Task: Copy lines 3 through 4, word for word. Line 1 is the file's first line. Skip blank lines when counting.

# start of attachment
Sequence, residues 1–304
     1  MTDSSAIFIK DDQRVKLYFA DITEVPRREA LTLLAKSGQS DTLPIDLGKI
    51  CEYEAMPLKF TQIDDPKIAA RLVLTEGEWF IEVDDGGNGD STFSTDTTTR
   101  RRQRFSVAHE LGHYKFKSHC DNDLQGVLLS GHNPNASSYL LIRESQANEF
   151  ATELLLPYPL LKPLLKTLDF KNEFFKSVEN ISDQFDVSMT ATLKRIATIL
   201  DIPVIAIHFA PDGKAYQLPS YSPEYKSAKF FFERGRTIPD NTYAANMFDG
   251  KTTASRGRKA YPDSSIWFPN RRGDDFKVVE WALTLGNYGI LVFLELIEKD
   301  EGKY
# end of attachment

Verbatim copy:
    51  CEYEAMPLKF TQIDDPKIAA RLVLTEGEWF IEVDDGGNGD STFSTDTTTR
   101  RRQRFSVAHE LGHYKFKSHC DNDLQGVLLS GHNPNASSYL LIRESQANEF